Australia/Israel & Jewish Affairs Council

Israel quietly treats wounded Syrians

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It was recently revealed that Israel has been quietly providing medical assistance to around 100 victims of the Syrian civil war, who are in two hospitals in northern Israel as well as in a field hospital Israel established on the Golan Heights border. As doctors have fled and hospitals have been shelled in Syria, there has been an influx of serious cases to Israel.

The UN reportedly plays a role in transporting the injured across no man's land to gain Israeli medical assistance. In at least one recent case sent to Israel, a patient arrived with a note pinned to him from a Syrian doctor to his Israeli counterparts, therefore it seems that some transfers are deliberate, not accidental.

Israel's assistance was given detailed exposure in a news report that aired on Israel's Channel 10 on August 3.  The report included interviews with Syrian patients being treated in Israel, with many providing harrowing accounts of their ordeal and how they sought help from Israel. The report blurred the faces of the Syrian patients to prevent identification, because as one patient said, "If it gets out that you were in Israel... that's the end for you."

The Times of Israel highlighted the accounts of some of the Syrian patients shown in the television report:

"Several of the patients accused the Assad regime of horrific brutality. The worst media reports, one of them said, were ‘nothing compared to the true awfulness' of what is unfolding across the border.

Among the other patients currently in Israel is a five-year-old girl whose sister was killed by a fragmentation grenade thrown by Assad forces, and whose mother carried her in her arms to the Israeli border, seeking treatment for her from injuries sustained in the same attack, the report said.

Another patient is a three-year-old girl most of whose family was killed in a shelling attack that badly injured her. She is being looked after by the aunt of another patient, and is not aware that she is in Israel.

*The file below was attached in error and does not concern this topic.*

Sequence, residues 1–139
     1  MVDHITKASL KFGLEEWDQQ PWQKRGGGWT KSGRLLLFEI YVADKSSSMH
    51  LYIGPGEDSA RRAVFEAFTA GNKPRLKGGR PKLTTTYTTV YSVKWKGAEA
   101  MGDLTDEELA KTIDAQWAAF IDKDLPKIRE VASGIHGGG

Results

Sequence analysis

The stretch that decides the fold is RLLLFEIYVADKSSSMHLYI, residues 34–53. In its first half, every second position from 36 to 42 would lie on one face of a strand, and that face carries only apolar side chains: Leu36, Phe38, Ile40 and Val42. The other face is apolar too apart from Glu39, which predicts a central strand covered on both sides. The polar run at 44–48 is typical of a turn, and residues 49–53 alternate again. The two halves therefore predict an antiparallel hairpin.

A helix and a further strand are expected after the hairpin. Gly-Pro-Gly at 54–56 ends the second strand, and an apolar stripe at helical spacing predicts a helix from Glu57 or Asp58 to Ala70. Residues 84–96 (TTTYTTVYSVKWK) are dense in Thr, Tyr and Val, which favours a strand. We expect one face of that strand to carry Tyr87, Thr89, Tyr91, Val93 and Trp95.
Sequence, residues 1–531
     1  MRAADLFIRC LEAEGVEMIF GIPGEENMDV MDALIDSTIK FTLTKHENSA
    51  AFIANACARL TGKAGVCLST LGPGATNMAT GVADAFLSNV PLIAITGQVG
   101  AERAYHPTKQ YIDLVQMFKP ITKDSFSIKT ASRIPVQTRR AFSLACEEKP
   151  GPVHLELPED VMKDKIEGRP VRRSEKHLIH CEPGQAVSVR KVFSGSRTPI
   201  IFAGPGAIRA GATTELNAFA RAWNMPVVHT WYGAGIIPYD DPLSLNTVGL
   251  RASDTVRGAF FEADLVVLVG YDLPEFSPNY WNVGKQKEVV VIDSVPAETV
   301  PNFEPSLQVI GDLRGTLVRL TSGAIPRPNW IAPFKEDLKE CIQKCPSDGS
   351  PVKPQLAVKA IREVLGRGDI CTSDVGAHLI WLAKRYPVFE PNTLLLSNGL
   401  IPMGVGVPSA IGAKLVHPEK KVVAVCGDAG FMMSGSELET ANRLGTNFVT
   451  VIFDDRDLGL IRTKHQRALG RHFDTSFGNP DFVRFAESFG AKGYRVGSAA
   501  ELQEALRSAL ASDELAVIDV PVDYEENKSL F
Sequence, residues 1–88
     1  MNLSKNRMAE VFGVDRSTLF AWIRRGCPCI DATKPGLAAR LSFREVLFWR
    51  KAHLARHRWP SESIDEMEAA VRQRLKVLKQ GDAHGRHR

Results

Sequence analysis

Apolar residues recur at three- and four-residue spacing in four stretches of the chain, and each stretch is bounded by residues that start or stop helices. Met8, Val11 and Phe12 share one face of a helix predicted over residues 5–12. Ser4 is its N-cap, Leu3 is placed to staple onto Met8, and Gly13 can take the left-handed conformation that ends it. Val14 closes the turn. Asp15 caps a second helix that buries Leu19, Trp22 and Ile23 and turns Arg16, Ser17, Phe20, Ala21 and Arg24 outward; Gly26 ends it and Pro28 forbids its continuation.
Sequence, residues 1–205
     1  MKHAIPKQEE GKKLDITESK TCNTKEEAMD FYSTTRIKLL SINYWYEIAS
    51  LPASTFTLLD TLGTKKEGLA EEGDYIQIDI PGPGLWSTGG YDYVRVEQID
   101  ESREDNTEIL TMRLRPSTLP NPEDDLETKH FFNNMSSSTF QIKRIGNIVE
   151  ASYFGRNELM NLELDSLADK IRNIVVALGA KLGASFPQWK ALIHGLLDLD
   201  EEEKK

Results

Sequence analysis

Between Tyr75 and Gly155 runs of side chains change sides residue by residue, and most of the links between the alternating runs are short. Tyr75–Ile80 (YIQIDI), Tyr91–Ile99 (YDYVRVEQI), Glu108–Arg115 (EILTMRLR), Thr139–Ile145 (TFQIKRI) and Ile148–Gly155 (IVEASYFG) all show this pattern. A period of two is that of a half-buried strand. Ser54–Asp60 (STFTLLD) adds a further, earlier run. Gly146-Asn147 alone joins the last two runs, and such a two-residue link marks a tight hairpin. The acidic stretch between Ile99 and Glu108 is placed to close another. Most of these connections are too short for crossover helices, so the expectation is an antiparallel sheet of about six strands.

One of the patients in the report said word had spread in Syria that Israel's hospitals are excellent. Injured victims of the civil war increasingly implored those who wished to help them to take them to Israel rather than other neighboring countries with which Syria is not at war, such as Jordan."

The New York Times also reported on Israel's humanitarian assistance to injured Syrians on August 5, and included comments made by Dr. Masad Barhoum, the Director General of the Western Galilee Hospital, whose team has been taking care of wounded Syrians:

"With more than 100,000 people estimated to have died in the Syrian civil war, Dr. Barhoum, an Arab Christian citizen of Israel, acknowledged that the Israeli medical assistance was ‘a drop in the ocean.' But he said he was proud of the level of treatment his teams could provide and proud to be a citizen of a country that allowed him to treat every person equally. He said the cost of the treatment so far had amounted to hundreds of thousands of dollars and would be paid for by the Israeli government."

Israel has a policy of non-intervention in the Syrian civil war, other than declaring that for purposes of self-defence, it may strike at stocks of advanced weapons that seem likely to be transferred to Hezbollah. However, Israel's willingness to provide low profile medical assistance to injured Syrians is an example of compassion and neighbourliness in a region that often seems to lack significant displays of either - especially as the brutal and bloody conflict on Israel's northern border continues to fester.

Sharyn Mittelman


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